The process of working with a ghost writer is difficult to summarise, as the experience is different for every client, depending on their needs. But at the centre of every book is the story – your story – and this is where we begin.
The sheer joy for me as a ghost writer is working with so many different people whose lives are so far removed from my own experience. These lives are wide and varied, and each story is different to the last. Sometimes I go out in search of tales to tell, and sometimes they find me.
So, what happens next?
Once we have decided that we would like to work together, we need to explore your vision for the finished book. It may be that you have an incredibly marketable idea and envisage producing a book that flies off the shelves; perhaps you have the budget to support the writing, or maybe you would like to work together speculatively to attract the attention of an agent or publisher. The latter is a possibility, depending on the potential marketability of the idea.
Alternatively, you might wish to produce a book to promote yourself and reach out to a select audience or client base; or you may have visions of an intimate project for the eyes of friends and family only. Either way, I am happy to talk through the options before we move on to the exciting bit …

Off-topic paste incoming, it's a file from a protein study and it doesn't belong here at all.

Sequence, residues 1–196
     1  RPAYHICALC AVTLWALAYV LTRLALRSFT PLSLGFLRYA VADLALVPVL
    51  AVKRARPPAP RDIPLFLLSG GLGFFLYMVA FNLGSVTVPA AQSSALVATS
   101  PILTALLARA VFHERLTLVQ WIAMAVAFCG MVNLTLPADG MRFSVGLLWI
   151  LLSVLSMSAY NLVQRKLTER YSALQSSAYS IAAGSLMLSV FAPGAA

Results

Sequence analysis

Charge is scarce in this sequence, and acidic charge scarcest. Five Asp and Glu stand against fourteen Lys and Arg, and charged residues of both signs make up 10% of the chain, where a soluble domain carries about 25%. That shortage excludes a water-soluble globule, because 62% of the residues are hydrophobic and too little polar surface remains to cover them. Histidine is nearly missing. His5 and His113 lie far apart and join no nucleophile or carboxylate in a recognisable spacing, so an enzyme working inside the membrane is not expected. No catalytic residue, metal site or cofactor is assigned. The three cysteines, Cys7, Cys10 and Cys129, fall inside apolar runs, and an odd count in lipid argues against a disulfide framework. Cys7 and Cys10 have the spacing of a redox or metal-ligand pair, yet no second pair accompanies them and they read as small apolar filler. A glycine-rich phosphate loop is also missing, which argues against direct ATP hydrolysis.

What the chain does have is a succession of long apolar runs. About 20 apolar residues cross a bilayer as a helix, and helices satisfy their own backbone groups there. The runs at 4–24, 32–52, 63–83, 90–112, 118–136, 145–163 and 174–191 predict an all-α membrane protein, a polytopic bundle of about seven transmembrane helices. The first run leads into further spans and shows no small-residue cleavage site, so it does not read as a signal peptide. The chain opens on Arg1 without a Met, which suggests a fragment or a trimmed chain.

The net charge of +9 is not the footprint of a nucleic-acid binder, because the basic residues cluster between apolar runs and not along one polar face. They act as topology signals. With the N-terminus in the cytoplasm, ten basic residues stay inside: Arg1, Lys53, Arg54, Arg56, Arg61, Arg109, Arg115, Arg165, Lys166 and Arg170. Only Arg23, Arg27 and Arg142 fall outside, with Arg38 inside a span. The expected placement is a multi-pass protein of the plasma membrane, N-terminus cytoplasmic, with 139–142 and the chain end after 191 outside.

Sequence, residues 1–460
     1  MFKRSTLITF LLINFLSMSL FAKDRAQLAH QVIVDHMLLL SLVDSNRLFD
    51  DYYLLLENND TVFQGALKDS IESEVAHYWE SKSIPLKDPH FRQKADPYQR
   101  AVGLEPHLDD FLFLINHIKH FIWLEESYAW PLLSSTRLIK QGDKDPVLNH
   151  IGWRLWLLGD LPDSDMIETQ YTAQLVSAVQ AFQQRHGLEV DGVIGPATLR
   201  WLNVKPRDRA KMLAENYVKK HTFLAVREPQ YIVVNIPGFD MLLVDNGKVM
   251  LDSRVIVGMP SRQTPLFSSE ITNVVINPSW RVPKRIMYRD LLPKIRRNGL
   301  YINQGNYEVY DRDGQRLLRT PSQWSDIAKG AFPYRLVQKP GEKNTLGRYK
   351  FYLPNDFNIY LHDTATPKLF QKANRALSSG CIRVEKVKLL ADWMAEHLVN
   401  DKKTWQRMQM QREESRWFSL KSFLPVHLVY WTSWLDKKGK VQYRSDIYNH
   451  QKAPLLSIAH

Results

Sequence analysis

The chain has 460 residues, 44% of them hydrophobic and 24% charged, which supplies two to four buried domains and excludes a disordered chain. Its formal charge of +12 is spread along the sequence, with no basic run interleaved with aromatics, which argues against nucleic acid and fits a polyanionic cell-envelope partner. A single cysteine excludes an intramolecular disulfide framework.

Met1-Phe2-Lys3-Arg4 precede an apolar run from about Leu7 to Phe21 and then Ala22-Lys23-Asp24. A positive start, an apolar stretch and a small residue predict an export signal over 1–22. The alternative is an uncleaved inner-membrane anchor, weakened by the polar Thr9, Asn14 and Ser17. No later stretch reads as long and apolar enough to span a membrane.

Some stories need to be shared face to face over many days, others can be told via Skype or email. Some stories already exist in note-form and simply need to be rearranged and dramatised. This part of the process is driven by you; however you need to work to build trust, feel comfortable and tell your story, I’m happy to accommodate.
The first step is to get in touch, so we can see if we’re right for each other and happy to work together.
You can email me at firstname.lastname@example.org.
My emotional ghost-writing experience, telling a story that needed to be told.
Even the title, ghost writer, makes the profession sound mysterious and covert; a ghost-like presence swoops in unseen, does the business and is soundlessly away. In reality, ghosts are an important part of the publishing industry, widely used by agents, publishers and individuals with an idea for a book and no one to write it.
Interview yourself for your autobiography. A useful resource for autobiography writers.
If you’re thirty-nine, less than happily single and looking for a good biography, try reading about Gandhi or Cher or one of the Spice Girls. Oliver Sacks is not for you.
Good question …